9 Truths About Acne You Really Need To Know

Acne is one of the most common skin problems faced by almost everyone. Yet, we know so little about it. Depending on the degree of acne breakout and length of time suffered, acne can really put a dent in a person’s self-confidence. To fully understand what is behind your acne breakout, first thing is to get the facts straight. We debunk 9 most common myths about acne that you need to know.

Myth 1: Acne Only Happens to Teenagers

If you are a teen, chances are high that you will suffer from acne. Almost 8 out of 10 teenagers will have acne as a part of puberty and growing up. The good news is for most people acne clears away by the time they are out of their teenage years. The bad news is for some people acne continues to occur into their 30s and 40s. There are many reasons causing adult acne from stress, medications like corticosteroids and anti-seizure pills, menopause and even switching or stopping birth control pills.

Myth 2: Eating Certain Foods Cause Acne

Many people, including our parents, blame greasy junk food, chocolate and even spicy food for acne breakouts. The truth is for people who are not prone to acne, there is no correlation between food and acne breakouts. For people with a predisposition to suffer acne breakouts, it is still debatable as to whether there is a direct link.  However, in recent years, growing evidence is starting to point to a possible link between diet and food – particularly refined carbohydrates, sugar and dairy products. While this new discovery has prompted dermatologists to reexamine the possibility that certain foods can trigger or worsen acne, diet restriction is not practiced as a sole treatment to cure acne. Rather, diet control is encouraged to complement acne treatment. The bottom line is: nobody knows.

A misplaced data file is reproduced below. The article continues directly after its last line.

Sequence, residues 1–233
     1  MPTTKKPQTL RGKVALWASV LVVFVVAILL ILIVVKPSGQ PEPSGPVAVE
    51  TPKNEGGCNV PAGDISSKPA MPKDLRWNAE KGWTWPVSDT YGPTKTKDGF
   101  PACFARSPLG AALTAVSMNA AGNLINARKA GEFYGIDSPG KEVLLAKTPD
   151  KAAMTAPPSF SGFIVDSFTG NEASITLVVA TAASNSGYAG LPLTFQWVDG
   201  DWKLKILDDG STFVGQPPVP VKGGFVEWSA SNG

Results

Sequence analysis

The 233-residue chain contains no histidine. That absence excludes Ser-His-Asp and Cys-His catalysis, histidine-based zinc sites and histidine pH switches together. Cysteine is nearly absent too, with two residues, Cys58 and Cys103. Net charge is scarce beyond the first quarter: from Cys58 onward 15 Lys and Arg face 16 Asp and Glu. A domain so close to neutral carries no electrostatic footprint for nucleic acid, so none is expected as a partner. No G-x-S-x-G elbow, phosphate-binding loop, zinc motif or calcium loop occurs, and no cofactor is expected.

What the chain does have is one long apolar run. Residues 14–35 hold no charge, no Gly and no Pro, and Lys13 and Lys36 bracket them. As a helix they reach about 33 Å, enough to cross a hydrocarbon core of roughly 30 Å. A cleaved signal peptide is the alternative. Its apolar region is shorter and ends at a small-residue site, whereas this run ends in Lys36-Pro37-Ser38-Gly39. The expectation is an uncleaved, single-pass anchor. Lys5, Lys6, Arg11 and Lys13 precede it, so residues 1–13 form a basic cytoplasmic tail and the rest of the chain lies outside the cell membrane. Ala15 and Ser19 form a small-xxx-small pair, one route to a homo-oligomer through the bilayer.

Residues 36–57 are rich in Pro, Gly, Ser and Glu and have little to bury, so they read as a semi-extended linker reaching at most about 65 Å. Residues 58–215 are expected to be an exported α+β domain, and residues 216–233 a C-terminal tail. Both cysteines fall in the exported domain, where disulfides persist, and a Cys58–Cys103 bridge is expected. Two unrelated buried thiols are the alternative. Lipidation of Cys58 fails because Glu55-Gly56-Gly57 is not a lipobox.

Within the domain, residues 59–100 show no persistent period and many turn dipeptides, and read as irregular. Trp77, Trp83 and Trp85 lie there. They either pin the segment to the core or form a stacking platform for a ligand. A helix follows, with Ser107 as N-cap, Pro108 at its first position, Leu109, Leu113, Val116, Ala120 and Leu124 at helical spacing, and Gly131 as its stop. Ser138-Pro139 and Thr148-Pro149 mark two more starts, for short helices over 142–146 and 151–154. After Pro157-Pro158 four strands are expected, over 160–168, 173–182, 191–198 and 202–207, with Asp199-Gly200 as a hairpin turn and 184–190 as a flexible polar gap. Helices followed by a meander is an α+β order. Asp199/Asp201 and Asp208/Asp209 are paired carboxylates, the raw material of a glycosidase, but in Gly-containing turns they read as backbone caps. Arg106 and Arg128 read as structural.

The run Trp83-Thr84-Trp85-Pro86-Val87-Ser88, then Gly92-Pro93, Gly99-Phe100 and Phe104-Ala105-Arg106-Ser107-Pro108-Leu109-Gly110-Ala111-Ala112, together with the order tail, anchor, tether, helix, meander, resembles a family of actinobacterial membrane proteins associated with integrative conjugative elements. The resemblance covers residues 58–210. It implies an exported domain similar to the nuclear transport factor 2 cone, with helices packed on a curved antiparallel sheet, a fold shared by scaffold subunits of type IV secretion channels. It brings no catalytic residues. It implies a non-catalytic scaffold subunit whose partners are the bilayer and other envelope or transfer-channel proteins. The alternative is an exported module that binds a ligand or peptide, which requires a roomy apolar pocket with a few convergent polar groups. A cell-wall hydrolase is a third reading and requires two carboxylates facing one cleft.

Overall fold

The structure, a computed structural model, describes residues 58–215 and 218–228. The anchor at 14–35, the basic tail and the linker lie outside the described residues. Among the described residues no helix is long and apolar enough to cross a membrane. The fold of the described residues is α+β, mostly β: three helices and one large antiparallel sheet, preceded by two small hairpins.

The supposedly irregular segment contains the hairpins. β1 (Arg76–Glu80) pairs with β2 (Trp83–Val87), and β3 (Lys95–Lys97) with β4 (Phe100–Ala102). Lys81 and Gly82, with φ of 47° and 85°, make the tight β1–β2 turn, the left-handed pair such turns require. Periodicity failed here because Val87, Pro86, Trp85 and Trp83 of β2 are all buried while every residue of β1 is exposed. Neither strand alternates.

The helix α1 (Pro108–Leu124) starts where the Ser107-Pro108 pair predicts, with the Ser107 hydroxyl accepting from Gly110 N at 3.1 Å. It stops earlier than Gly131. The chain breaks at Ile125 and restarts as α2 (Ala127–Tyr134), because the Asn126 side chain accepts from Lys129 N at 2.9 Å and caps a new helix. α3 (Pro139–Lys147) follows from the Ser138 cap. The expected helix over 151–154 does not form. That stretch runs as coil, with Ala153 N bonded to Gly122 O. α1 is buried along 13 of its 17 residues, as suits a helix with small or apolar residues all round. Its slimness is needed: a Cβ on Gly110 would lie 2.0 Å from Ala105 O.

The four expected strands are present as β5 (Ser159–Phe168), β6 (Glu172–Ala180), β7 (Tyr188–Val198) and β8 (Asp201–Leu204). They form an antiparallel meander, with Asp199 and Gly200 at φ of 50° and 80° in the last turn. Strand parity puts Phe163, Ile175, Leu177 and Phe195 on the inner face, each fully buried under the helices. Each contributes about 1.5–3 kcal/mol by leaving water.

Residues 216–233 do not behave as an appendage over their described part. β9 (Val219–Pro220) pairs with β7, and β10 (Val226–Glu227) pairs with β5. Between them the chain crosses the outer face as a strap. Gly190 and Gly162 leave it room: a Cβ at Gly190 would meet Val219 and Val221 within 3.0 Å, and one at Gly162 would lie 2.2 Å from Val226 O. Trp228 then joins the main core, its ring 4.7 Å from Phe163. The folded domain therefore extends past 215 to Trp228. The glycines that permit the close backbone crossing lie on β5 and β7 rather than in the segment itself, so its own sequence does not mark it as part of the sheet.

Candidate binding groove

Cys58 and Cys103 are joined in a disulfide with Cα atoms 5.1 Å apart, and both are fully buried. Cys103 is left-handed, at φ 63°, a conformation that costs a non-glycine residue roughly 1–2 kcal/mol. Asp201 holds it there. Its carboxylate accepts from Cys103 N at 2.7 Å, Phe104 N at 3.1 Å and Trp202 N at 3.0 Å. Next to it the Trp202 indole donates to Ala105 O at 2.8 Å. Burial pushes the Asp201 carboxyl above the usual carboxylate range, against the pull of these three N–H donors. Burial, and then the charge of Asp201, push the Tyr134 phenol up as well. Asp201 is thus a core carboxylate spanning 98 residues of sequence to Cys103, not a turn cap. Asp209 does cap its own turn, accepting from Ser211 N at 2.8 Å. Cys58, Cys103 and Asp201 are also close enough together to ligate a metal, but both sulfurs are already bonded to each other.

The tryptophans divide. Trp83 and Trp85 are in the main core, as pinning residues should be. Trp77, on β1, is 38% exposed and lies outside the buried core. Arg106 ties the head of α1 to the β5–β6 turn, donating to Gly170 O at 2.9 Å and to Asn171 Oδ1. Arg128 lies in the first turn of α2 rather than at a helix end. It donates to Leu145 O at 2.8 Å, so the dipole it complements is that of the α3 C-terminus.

Myth 3: Poor Hygiene Leads to Acne

Some people have this idea that acne happens because their face is not clean. Or not cleaned properly. Unless you are a slob, this is probably not true. To blame a dirty face is not being accurate. The truth is acne is a skin disorder triggered by internally and externally factors. For the most part, internal factors plays the biggest role in acne breakouts. Some people go to extremes when it comes to scrubbing their face to rid their skin of dirt, pus and blackheads. But this is of little use and may irritate the skin. While washing your face twice a day is more effective in cleansing your skin than once a day, more than that is excessive and can dry out the skin. Remember, acne is not caused by dirt.

Myth 4: Popping Pimples Accelerate Healing

Total rubbish. This is by far the worse thing you can do. Popping and getting rid of the swelling pus under the surface of the skin will not help skin to heal. In fact, it pushes inflammatory gunk and germs further into the deeper layers of the skin which may cause more redness, soreness and even infection. Not to mention, popping pimples can cause permanently scarring. If you have pimples showing up at the wrong times like before a dance or celebratory event, go to a dermatologist who can give you a single injection to reduce the breakout.

Myth 5: Acne Will Clear on Its Own